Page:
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Joined: 12 Apr 2016, 21:38
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The front fuselage is on and the fit is quite good after a bit of probing and scraping minute amounts of plastic.

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The next thing is the rear part of the fuselage and I have to say it looks as if that one was designed by a different team. I mentioned the walkway that fouled the fit of the rear fuselage halves. When I tried to fit the rear fuselage to the wings, I had a 1 mm gap at the left wingroot. The culprit was again the walkway, having been cemented on both sides of the fuselage as per the instructions.

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So using a saw, I cut off the walkway from the left fuselage half and inserted some plastic sheet to widen the fuselage so it fits the gap between the wings.

I also noticed that there was no positive location between the wingroot and the fuselage, so I added two tabs from plastic sheet to the wings on which the fuselage will rest when gluing it.

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With these changes the fit now looked much better and I glued it together. To hold it in place while the glue dried, I used some heavy iron (literally) and hope that all is well.

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PostPosted: 09 Apr 2020, 19:23 
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Joined: 31 Aug 2010, 15:01
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Location: Centurion, Pretoria, SA
Looking :smt023


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PostPosted: 12 Apr 2020, 12:48 
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While the fuselage and Wings were hopefully drying in the correct position, I assembled the tailplanes. Here you have to modify the mating area on the horizontal parts to which the vertical parts are joined. Strangely enough they are not straight as they should be, but are slightl curved. I filed them straight so they fit nicely with the vertical part. I also deepened the groove into which the rudder will fit later.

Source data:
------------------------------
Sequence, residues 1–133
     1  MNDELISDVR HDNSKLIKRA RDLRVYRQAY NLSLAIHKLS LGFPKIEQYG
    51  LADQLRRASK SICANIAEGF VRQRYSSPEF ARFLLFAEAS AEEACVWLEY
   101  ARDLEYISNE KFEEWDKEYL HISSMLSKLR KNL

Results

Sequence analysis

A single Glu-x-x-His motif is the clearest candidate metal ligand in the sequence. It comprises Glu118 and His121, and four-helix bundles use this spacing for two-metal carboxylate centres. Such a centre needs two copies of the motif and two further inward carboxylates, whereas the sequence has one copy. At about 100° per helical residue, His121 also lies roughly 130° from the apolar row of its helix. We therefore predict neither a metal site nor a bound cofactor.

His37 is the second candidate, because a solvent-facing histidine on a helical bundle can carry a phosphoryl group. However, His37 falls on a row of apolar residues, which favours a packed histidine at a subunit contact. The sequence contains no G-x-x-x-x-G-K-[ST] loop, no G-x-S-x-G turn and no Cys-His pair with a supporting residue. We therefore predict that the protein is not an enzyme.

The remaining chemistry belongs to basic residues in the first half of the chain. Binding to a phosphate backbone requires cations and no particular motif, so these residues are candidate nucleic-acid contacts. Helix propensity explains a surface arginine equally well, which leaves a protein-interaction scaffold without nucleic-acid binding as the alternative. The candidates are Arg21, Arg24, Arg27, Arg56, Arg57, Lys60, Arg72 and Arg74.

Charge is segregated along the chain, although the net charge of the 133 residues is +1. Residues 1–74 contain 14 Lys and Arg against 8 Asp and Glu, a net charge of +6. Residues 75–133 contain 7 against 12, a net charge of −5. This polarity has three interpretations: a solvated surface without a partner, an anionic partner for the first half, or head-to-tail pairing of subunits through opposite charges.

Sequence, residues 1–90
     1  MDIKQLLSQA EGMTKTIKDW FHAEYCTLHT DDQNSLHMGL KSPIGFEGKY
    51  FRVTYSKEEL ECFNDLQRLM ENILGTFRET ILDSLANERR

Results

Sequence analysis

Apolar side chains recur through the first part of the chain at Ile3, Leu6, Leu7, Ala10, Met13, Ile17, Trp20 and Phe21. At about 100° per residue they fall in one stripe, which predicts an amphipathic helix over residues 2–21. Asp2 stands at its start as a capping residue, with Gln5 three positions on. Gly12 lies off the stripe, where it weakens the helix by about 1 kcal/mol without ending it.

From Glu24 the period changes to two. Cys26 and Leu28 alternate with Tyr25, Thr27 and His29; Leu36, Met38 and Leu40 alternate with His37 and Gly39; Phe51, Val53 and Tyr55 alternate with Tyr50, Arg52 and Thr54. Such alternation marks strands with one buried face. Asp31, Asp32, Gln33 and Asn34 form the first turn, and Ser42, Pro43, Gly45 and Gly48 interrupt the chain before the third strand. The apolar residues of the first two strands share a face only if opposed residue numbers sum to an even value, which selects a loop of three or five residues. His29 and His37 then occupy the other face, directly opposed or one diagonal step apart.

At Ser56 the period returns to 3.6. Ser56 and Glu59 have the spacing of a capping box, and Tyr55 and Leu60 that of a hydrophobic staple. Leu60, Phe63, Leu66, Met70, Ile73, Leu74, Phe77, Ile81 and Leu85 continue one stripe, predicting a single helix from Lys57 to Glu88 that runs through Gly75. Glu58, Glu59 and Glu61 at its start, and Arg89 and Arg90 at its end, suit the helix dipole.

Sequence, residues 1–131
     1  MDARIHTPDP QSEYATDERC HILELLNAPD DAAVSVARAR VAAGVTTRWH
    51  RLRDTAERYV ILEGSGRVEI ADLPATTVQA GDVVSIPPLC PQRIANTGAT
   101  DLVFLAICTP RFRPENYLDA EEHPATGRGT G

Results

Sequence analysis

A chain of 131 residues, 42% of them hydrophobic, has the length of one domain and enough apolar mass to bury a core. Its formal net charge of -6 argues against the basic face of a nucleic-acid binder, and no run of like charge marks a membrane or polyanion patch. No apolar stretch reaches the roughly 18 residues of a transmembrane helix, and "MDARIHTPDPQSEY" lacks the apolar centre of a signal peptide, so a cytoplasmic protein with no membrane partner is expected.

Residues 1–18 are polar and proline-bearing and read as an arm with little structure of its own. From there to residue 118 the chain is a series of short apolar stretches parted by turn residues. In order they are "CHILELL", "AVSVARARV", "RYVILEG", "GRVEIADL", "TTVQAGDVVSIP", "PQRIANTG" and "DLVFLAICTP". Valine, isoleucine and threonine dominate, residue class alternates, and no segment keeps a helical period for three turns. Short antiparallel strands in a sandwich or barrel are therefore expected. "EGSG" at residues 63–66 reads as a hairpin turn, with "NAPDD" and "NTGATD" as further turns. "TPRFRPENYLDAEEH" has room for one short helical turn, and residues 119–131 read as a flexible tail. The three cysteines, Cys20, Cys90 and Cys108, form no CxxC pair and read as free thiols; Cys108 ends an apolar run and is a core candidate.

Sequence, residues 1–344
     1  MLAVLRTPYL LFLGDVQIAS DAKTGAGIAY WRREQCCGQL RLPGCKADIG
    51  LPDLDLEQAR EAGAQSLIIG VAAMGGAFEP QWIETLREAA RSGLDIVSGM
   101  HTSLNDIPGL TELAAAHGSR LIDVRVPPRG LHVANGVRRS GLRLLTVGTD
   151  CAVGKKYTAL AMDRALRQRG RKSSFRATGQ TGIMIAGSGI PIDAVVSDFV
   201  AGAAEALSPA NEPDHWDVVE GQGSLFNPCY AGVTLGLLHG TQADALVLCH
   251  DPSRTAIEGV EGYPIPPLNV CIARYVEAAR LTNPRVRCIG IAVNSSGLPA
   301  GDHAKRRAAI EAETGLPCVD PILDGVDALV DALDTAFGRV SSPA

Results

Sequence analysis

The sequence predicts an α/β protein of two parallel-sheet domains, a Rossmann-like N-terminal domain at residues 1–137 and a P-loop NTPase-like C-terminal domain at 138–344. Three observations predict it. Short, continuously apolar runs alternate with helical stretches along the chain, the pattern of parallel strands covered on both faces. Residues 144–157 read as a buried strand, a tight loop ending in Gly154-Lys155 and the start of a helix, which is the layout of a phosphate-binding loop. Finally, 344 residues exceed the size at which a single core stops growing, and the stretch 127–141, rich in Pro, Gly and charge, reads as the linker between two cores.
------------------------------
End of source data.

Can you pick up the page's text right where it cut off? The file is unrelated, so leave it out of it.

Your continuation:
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This also permitted me to fill and sand them while they were still single parts and therefore a manageable size.

When I unclamped the fuselage I had some gaps as expected, but the trailing edges of the wings and fuselage parts matched up well. The gaps were only 0.25 mm so I could fill them easily with microstrip. The wing to fuselage joint is actually better than it appears on the picture. The grey is a trace of Gunze Surfacer that makes it appear as if there is a large gap that needed filling. Talking about Gunze, does anyone know if things like Gunze Surfacer are available in SA?

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Now the tailplanes are also glued on and only need blending in. Actually the fit is good thanks to the added card pieces as described earlyer. All the big parts are now together and I will have to concentrate on the smaller additions like turrets that need some additional details. I suspect that the smaller items will need more time than the big ones.


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PostPosted: 12 Apr 2020, 14:14 
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Joined: 31 Aug 2010, 15:01
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Location: Centurion, Pretoria, SA
That looks really nice. I like the surface detail. :smt023